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Warden Of The North

Again and again photographers report about their journeys to the polar regions and that they either didn’t get to see any polar bears at all or only so-called binocular bears, i.e. polar bears several kilometers away that you can’t see with the bare eye. I also felt the same way when I was on a ship in Svalbard last year in April and then in Churchill Manitoba in November. I have already made two trips in search of “my portrait” of a polar bear. It’s not easy to get re-motivated to make another attempt when previous experiences have been so incredibly poor and conditions seemingly impossible to change. If I had been “only” dissatisfied with “my personal results” of a portrait, it would be easier. But the experience of many days searching for polar bears being completely fruitless is frustrating. 

I came across Roie Galitz, a super experienced wildlife photographer who organizes professional expeditions to places all over the world and also to the polar regions for many years. In a very small group I set off again to Svalbard, but this time we didn’t move around on a ponderous ship where the guides can only scan the coasts looking for polar bears – we covered almost 1,000 kilometers in 6 days on snowmobiles in the interior of this huge group of islands – our Behind-The-Scenes clip gives an insight into this.

Experiencing this unique nature, which has been untouched for thousands of years, with glaciers over a thousand meters high and weather changes possible every hour, flashed me like I could never have imagined before. About 350 of these largest and most dangerous land predators live in Spitsbergen in a total area twice the size of Belgium – the thought alone, magical and indescribably fascinating.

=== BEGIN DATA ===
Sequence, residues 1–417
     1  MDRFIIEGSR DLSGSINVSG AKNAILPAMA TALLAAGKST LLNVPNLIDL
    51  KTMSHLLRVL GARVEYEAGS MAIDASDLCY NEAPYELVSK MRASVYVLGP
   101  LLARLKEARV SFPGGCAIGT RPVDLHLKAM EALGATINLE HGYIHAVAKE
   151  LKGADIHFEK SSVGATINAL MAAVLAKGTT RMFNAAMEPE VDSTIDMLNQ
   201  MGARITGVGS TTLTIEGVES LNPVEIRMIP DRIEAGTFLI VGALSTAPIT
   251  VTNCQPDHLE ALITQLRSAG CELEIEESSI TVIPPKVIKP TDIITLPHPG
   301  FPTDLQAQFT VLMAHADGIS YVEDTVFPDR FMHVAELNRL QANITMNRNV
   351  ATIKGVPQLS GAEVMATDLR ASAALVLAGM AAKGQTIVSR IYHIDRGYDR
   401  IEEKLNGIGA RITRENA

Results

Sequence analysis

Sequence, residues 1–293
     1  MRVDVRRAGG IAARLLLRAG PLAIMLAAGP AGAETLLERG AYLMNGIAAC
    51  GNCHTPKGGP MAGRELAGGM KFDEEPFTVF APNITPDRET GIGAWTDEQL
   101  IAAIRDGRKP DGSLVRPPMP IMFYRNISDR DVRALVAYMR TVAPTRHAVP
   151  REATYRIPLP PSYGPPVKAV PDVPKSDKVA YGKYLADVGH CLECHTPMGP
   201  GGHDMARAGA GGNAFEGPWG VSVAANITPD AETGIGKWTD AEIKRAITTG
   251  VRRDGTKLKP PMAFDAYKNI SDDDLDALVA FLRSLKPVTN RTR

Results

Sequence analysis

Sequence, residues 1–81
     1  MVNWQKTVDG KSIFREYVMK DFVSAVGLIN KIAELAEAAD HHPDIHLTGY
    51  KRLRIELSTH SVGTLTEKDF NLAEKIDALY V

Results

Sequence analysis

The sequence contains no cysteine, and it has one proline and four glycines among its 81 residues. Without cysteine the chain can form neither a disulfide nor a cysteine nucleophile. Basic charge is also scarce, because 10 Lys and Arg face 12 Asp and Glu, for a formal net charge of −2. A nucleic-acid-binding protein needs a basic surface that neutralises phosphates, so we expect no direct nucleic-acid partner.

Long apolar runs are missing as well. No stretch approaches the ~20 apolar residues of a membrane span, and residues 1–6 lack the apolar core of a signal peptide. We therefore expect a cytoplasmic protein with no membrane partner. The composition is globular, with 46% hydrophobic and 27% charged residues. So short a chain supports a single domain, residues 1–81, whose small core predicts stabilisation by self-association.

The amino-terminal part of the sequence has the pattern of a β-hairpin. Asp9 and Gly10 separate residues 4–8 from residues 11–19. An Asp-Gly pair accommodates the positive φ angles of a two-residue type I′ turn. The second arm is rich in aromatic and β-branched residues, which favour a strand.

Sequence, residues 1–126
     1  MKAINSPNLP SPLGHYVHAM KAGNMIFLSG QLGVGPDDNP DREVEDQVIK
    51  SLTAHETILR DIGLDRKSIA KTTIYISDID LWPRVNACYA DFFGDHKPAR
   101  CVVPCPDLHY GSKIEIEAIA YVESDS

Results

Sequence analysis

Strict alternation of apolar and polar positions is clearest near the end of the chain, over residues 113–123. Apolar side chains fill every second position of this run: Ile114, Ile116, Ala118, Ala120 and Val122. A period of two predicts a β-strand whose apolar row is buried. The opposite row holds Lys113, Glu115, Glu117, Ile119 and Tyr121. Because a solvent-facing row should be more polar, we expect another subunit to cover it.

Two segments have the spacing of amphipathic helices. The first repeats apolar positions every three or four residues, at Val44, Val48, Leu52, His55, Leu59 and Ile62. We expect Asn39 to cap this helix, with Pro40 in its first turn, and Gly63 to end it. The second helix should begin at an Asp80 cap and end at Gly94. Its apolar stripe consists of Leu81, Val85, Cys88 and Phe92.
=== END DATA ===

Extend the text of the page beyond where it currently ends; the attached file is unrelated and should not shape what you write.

Our two Arctic guides are full professionals who are normally on assignment for BBC and Disney productions.

The weather was mostly perfect and with Willem at my side, who accompanied me not only mentally but also with the camera for our documentation of the trip, I therefore had the best conditions for my project. And indeed, we found polar bears every day and were able to spend time with them, sometimes for many hours.

The danger: A polar bear stops at nothing, it attacks everything and everyone, without exception and always with the aim to eat. When a polar bear picks up a scent of prey several miles away, it makes a run for it. Some even specialize in hunting and preying on reindeer.

So we had to keep a safe distance of several hundred meters. The first few days it was hard to keep myself motivated and focused – while the rest of the group was celebrating just finding the animals in the first place, I was dissatisfied with the seeming impossibility of being able to take “my portrait” with eye contact.

One afternoon we spotted a beautiful, majestically moving adult male polar bear, brimming with self-confidence, wandering the 40km-long and completely frozen Dickson Fjord. This was my moment. The guide in charge decided to make a single attempt with me: sitting alone on a sled, hitched to his scooter, we drove closer. The rest of the group stayed at a safe distance, with the 2nd guide also armed. I got off the sled and lay flat on my stomach. The closer he got, the more he slightly changed course. The mighty hunter had spotted a breathing hole of a seal, which on the one hand relaxed me a bit, because I had a little longer to lie down – at the same time I was worried that I wouldn’t get direct eye contact with him anymore. Now only about 50 meters separated us. Camera on the ground, fingers almost frozen from the cold, I was almost bursting with tension when I saw through the viewfinder how he briefly took me in his sights once again before he reached his focused target, a hole of about 50cm in the ice. With his look he made it unmistakably clear to me that I would have been an easy prey. You are the guardian of the north! Thank you – for this indescribable moment!